Many small businesses are facing increased materials costs and higher operational expenses as well as struggling with supply chain challenges, materials availability, difficulties with recruitment, and uncertainty due to events in Ukraine. 
The hoped-for tax cuts and energy grants weren’t included, so how will small businesses benefit? 
National Insurance changes 
The threshold for employees paying Class 1 National Insurance contributions (NICs) will increase from £9,880 to £12,570 in July 2022. This will mean that people earning less than around £34,000 during the 2022/23 tax year will pay less NI than they did last year. People earning more than £50,000 will pay more. 
The threshold for Class 4 National Insurance contributions paid by self-employed people on their profits will also increase from July 2022. Currently £9,880, the threshold will increase in July to £12,570. 
The change will reduce the impact for employees of the 1.25% increase in NI announced last September but won’t affect their employer’s contribution. In fact, the NI increase of 1.25% is actually 2.5% for employed business owner/managers paying PAYE because they will be responsible for both employer and employee contributions. 
For sole traders the Small Profits Threshold has risen from £6,515 to £6,725 and the Lower Profits Limit has risen from £9,569 to £9,880 and will increase again in July to £12,570. 
If annual profits are between the Small Profits Threshold and the Lower Profits Limit you can still claim a qualifying year for contributions towards your State Pension and other benefits, without paying Class 2 National Insurance.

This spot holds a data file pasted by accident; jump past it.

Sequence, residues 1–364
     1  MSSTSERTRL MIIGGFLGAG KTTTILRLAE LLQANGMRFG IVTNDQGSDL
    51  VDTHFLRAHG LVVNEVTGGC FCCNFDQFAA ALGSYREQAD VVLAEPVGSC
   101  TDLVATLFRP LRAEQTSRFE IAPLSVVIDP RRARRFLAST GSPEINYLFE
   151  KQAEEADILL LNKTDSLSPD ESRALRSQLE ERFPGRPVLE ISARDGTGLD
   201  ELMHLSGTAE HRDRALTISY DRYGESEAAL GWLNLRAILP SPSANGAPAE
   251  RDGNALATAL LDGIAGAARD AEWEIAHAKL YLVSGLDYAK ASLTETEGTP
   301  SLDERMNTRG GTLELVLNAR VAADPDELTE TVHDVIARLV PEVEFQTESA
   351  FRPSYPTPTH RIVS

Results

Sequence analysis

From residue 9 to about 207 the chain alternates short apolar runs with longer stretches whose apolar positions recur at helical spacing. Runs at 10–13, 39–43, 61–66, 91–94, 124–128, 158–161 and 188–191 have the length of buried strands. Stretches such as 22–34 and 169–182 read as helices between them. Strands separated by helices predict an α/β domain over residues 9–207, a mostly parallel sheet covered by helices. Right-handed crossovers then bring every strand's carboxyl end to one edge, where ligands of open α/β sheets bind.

R&D Tax Credits 
In the spring last year, the government said it would review R&D tax credits and add data purchases and cloud computing with an added focus on innovation. We are still waiting for news on longer-term reforms to the system, hoped for in the autumn, but there’s little to immediately help extra investment or build confidence. 
Capital Allowances 
The Annual Investment Allowance will remain at £1million until March 2023. The Chancellor indicated that more news on capital allowances can be expected in the Autumn Budget. 
Fuel duty 
Cutting fuel duty by 5p per litre is the largest reduction made to date and will last for 12 months. According to RAC Fuel Watch this will reduce the cost of filling up an average tank, which has risen to £98.43 for diesel and £91.87 for petrol, by around £3.30. However, since oil and gas prices are still very unpredictable, the price we pay at the pumps will continue to change regularly. 
Income tax 
The UK’s basic rate of income tax will be cut from 20% to 19% but not until 2024. It’s expected to apply to more than 30million people. 
Employment allowance 
Employment allowance relief, which allows small businesses to reduce their national insurance contributions each year, will be increased from £4,000 to £5,000. This will amount to a tax cut of up to £1,000 for half a million small businesses. 
Business rates 
The 50% business rates discount for the retail, leisure and hospitality sectors was confirmed with a cap of £110,000 per company. 
The long-awaited business rates re-evaluation is due to take place in 2023, based on 2021 rental values. This should result in lower bills for many businesses. 
Overall impact 
There are some immediate benefits for small business owners thanks to the changes to employment allowance, fuel duty and NI thresholds. 
However, 12.5% VAT for hospitality businesses hasn’t continued and small and medium-sized businesses that had hoped to be taken out of the business rates system will be disappointed. 
If you would like to discuss how these changes will affect your small business or steps you can take to manage your costs and improve your profits please get in touch. 
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